A few scanning tips


On scanning Color Prints over 300 dpi

This is a 6x4 inch print scanned at 60 dpi. It is shown for the purpose of establishing scale for the following images taken from it. Just an ordinary snapshot, but with a lot detail. The film is 35 mm Kodak 200 Gold. The film processing was 1-hour by Wal-Mart, paper was Fuji. Camera lens is a Nikon 50 mm f/1.8 AF-Nikkor (not a zoom lens). The subject distance from camera tripod to that thermometer is about 30 feet. All images have been sharpened slightly, but all the same.

Here are sections of scans from this print at 100 dpi, 200 dpi, 300 dpi, 400 dpi on a 600 dpi Microtek ScanMaker III.

100 dpi 200 dpi 300 dpi 400 dpi

Allow me to suggest the only viable way to make the comparison of two scanning resolutions.

On the left below is the 100 dpi scanned sample, but resampled to 2X in Photoshop (bicubic), for the purpose of comparing to the 200 dpi scan, repeated here on the right. A 2X upsample does not generate the best image, but it is the only way to compare detail with the larger 200 dpi scan. We cannot compare different sizes, the brain is too easily fooled, and big wins every time. If we just want "big", say for the video screen, then the higher resolution scan absolutely delivers "big". But for printing, the only reason we want big is for detail, and the point of this exercise is to see if we get detail. We cannot resample the larger image down, because that would discard the detail that we hope to compare. Resampling the small one up is the only way, however we know this introduces problems. The only meaningful result is if it holds its own in spite of this.

There is noticeable difference in detail between the two of these. The problem might be blamed on the upsample of the smaller, but it is very easy to believe that 200 dpi scans of a color print do show more detail than 100 dpi scans.

OK, the difference here is WHAT we are looking for.

Let's look for it.

On the left below is the same 200 dpi image before, but now resampled to 2X (in Photoshop, bicubic), for the purpose of comparing to a 400 dpi scan, on the right.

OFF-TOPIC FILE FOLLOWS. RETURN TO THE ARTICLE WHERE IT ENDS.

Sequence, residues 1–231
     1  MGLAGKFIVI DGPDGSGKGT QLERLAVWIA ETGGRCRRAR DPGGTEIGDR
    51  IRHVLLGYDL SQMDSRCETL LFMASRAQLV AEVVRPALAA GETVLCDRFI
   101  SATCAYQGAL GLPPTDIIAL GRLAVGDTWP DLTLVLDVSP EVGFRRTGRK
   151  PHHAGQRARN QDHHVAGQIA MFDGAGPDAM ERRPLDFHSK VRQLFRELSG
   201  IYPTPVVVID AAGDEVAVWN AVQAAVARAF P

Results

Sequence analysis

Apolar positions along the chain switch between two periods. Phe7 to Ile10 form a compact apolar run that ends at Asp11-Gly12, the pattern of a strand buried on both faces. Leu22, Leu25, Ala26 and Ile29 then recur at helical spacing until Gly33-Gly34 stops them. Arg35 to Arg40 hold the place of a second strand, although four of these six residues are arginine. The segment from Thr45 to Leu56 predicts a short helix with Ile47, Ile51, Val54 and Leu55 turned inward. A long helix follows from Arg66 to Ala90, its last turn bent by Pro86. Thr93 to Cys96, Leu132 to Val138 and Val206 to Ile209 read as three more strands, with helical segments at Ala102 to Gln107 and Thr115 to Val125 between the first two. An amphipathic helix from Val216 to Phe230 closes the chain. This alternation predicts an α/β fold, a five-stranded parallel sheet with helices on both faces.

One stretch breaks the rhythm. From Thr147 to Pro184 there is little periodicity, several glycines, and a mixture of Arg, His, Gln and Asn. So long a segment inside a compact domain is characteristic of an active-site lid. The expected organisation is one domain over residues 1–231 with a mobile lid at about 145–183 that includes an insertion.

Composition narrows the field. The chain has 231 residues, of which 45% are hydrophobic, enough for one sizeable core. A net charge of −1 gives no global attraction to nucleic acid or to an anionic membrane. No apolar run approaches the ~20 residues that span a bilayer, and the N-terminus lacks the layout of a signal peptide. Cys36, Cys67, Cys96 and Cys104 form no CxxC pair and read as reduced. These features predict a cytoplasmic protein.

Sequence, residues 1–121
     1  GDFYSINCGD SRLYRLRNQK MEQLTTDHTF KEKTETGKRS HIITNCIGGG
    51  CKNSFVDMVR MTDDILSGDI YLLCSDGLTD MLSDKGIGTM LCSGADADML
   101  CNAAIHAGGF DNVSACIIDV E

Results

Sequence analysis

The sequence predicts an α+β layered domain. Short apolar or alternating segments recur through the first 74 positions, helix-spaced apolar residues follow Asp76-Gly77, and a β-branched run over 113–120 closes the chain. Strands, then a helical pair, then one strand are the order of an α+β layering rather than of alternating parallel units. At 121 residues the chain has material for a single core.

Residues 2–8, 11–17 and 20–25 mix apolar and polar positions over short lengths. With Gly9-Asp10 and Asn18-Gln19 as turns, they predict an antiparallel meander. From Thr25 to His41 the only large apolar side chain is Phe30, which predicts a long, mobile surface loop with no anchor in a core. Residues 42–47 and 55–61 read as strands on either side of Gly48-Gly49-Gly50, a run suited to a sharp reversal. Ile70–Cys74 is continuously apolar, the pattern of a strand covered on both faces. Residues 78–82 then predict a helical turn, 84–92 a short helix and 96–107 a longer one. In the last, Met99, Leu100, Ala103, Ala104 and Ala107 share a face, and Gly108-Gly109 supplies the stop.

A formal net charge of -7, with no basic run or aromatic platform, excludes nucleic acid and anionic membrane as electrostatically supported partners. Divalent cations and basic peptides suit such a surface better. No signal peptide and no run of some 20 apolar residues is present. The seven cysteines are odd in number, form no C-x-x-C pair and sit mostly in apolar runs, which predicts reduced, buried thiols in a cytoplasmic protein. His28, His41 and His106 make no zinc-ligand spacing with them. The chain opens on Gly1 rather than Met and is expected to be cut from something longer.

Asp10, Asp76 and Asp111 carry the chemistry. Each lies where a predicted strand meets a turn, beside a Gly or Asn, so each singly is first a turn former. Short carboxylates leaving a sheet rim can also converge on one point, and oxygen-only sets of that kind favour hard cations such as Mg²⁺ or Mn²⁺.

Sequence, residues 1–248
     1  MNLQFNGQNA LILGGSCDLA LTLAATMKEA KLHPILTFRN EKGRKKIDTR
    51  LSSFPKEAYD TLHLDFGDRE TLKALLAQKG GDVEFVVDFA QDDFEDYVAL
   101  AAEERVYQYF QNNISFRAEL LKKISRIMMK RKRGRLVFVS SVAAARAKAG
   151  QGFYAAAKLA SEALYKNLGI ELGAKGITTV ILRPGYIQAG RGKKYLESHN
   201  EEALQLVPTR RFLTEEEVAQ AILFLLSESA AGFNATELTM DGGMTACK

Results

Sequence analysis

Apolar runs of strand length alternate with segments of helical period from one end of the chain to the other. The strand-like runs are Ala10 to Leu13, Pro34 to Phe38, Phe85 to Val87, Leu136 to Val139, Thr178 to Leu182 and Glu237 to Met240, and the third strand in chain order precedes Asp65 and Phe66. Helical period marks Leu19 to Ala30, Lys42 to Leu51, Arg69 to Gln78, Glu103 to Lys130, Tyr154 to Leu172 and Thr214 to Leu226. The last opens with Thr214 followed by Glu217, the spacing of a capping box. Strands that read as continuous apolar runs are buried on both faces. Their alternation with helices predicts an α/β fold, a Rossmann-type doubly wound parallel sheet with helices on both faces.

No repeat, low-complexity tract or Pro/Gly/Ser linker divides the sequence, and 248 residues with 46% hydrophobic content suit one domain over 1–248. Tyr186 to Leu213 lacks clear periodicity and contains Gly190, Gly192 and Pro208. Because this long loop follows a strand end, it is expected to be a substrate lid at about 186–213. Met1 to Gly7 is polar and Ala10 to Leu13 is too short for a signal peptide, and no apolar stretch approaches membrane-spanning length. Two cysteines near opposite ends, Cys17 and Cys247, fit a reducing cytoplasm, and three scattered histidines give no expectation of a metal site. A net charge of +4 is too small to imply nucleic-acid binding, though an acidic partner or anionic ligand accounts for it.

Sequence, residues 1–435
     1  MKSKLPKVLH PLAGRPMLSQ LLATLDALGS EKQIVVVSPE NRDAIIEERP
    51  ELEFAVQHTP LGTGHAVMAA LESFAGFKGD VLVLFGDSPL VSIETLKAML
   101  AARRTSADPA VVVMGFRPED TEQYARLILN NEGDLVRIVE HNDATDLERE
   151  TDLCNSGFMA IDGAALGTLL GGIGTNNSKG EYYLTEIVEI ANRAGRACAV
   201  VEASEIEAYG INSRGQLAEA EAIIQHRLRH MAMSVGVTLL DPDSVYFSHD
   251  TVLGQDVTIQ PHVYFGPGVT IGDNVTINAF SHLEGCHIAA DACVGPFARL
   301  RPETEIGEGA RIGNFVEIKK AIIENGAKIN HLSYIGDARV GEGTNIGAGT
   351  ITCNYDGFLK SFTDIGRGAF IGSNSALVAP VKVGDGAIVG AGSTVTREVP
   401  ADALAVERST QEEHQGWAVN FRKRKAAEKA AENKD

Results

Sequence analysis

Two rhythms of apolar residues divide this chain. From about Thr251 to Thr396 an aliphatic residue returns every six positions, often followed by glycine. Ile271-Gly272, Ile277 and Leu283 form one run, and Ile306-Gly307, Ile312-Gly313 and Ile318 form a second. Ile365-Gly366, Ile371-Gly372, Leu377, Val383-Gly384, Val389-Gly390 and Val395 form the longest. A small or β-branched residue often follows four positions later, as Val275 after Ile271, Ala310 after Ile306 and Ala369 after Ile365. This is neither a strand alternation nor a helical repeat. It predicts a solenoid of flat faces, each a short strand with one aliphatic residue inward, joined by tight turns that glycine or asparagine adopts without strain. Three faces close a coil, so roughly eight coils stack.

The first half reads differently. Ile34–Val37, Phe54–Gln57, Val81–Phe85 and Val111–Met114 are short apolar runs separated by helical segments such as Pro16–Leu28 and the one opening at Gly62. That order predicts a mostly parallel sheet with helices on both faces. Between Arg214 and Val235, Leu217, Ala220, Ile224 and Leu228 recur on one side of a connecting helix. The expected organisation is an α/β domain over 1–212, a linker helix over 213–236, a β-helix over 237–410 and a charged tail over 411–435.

The difference in image detail between the two is nonexistent. Sure, the 2x upsampling does add some jaggies, the interpolation artifacts are not as smooth as the higher resolution scan, but no item of actual image detail shows better in one than the other. Which suggests the 400 dpi scan didn't add anything. There's no point in quibbling about how the 2X upsample is not optimum, because the straight 400 dpi scan is no better. They are essentially the same image. We really don't gain additional detail from scanning color prints over about 300 dpi.

However, scaling to print the smaller image larger also gains size without additional detail, and without interpolation. For printing, the smaller 300 dpi file will normally do as much as the larger 400 dpi file will do, simply because this color print did not contain more detail itself.

But there are other valid opinions, not about the detail, but about the upsampling. You may like the 400 dpi image better than the 2X resampled 200 dpi image for reasons other than detail. Upsampling the 200 dpi image to be 2X larger above caused its jaggies to be more visible. Images at 200 dpi and then scaled 2X larger do have more jaggies than if scanned at 400 dpi. Video screens show every image pixel directly, where printers normally show a more averaged view.

Therefore, my previous suggestion was, if we need to scan color prints for large images for printing, then scan at 300 dpi and hope it helps somehow. It can help some, and it will remove any uneasiness that more scan resolution might help, and will add the warm fuzzy feeling that we have done all we can. If you specifically want a large image, there's nothing wrong with scanning at 600 dpi, unless memory or disk space is a problem. But if a problem, scanning color prints at 300 dpi will be as effective.

For printing purposes, scanning color prints above 300 dpi won't help much, but won't hurt either. However, you will pay a big price in bytes for image size. That may be no problem for a big computer, and when scanning film, it is clearly justified. But I hope you understand why you won't get the detail you might hope for from prints over 300 dpi.

On the left below is the same original 400 dpi scan of the color print, and on the right is a 1950 dpi scan of the negative on a 30 bit Microtek 35t Plus film scanner.

Both images have had the same sharpening treatment. Nothing is faked. There is a considerable difference in the detail achieved in the same size image. Remember, we're 30 feet away with a 50 mm lens, and this is 3.4% of the total film area.

That these two are far from equal is the best proof that prints cannot deliver expected detail over 300 dpi. Film is better.

400 dpi 1950 dpi

Megabytes are very desirable when printing large images.

Newer scans of the same negative with a Minolta Scan Dual II film scanner at 2820 dpi, and with a Polaroid SprintScan 4000 at 4000 dpi, are HERE.

Copyright © 1997-2010 by Wayne Fulton - All rights are reserved.

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